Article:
Another bubble is forming in the public bond markets. Since the equity market burst in 2000, dealers and banks have been using their liquidity to buy assets that offer quasi-certain performance. The price of US 10 year bonds has been soaring.

The figures do not reveal strong increases in the prices of manufactured consumer goods in countries where pricing power is weak, in particular because of the slow down in wages and the increase of unemployment. In these countries, the adjustment is carried out by a contraction of corporate profits. On the other hand, the inflationary tensions have appeared in services, in particular in Europe where this sector is not very competitive. The effects of monetary inflation can be hidden by the progression of productivity.

More significant for Austrian economists: the spectacular increase of gold prices (in US dollars). Among the liquid assets (risk adjusted), gold is at the moment one of the most profitable assets in real terms. It is highly unusual that gold and bond prices increase at the same time.

Certain observers assert that expansionist monetary policies have been preventing a more severe depression. It is true. For instance, if the central banks had not flooded the financial market with so many dollars, euros and yens, the collapse of the equity market (and of production, investment and profits) would have been more pronounced. But the problem with monetary policy is that it slows down the readjustment of the structure of production toward a configuration respecting the time preference of consumers[3]

Today, the overinvestment in equipment and software has not been wholly purged (the rate of capacity utilization is historically weak).  Household debt is increasing faster than disposable income. Thus, if an expansionary monetary policy is pursued, 2003 won't be a year of recovery in the United States, Europe, or Japan, even if certain quarterly GDP figures turn out to be surprisingly strong. Let us remember that the National Bureau of Economic Research dates the end of the last recovery and beginning of the contraction as March 2001, and it has yet to call a bottom.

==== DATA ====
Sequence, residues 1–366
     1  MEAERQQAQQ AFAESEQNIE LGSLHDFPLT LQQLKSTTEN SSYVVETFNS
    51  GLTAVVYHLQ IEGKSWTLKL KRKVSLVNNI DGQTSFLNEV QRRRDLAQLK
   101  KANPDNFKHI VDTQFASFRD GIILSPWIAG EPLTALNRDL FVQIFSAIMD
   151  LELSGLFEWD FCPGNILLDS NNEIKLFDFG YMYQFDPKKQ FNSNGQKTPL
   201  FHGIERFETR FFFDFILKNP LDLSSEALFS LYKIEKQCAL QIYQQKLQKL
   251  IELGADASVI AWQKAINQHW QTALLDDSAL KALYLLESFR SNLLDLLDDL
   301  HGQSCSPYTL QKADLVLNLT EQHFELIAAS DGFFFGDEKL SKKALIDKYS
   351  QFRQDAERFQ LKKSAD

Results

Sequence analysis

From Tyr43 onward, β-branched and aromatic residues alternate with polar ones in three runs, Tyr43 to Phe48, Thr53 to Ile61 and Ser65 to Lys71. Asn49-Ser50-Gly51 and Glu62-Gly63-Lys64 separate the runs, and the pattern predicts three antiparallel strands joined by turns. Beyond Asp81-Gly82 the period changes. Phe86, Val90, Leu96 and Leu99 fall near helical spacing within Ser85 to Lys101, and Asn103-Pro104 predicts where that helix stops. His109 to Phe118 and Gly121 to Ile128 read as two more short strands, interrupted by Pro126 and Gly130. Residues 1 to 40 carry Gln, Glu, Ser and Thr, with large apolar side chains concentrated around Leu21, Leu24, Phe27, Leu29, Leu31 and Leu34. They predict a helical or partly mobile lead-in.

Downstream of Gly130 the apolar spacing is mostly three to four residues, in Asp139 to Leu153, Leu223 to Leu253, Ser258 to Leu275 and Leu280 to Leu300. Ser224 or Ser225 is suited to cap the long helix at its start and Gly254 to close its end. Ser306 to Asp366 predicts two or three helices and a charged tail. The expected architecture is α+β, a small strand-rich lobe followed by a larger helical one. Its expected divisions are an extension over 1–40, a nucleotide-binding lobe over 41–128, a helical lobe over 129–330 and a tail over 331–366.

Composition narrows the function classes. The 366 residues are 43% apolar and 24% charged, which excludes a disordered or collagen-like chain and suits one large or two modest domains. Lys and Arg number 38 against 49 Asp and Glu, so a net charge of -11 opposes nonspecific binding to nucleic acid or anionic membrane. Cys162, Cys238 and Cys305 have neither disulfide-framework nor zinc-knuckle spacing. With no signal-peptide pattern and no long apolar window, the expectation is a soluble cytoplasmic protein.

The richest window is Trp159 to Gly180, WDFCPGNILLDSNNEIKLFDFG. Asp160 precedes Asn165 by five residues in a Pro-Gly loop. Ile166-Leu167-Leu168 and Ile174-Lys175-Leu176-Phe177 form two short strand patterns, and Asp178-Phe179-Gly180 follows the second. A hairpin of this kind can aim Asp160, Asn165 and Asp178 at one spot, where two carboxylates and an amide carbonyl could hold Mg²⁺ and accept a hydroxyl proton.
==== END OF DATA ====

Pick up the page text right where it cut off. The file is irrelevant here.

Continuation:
As for the future of interest rates, we cannot rule out a rise in nominal interest rates due to inflationary expectations. Such a rise would entail a burst of the housing bubble and a strong decline in bond prices with negative impact on household wealth and bank solvability. The only solution would be to stop the monetary inflation. The recession and the equity market crisis would be sharp, but short. If this solution is not adopted, the world economy will perform badly for several years. We have not finished paying the consequences of our international monetary system based on fiat money.


Nicolas Bouzou is an economist at a private institute in Paris. Send him MAIL.


[1] This process is detailed in Murray Rothbard, The Case Against the Fed, Ludwig Von Mises Institute, 1994.

[2] For explanations about the choice of a good money supply indicator, see Nicolas Bouzou, How should we Define the Money Supply, Ludwig von Mises Institute Working Paper.

[3] On this subject, see Ludwig von Mises, The Theory of Money and Credit, Jonathan Capes, 1934 ; On the Manipulation of Money and Credit, Free Market Books, 1978 ; Human Action, Yale University Press, 1949. For an empirical illustration, see Murray Rothbard, America’s Great Depression, Ludwig von Mises Institute, 2000.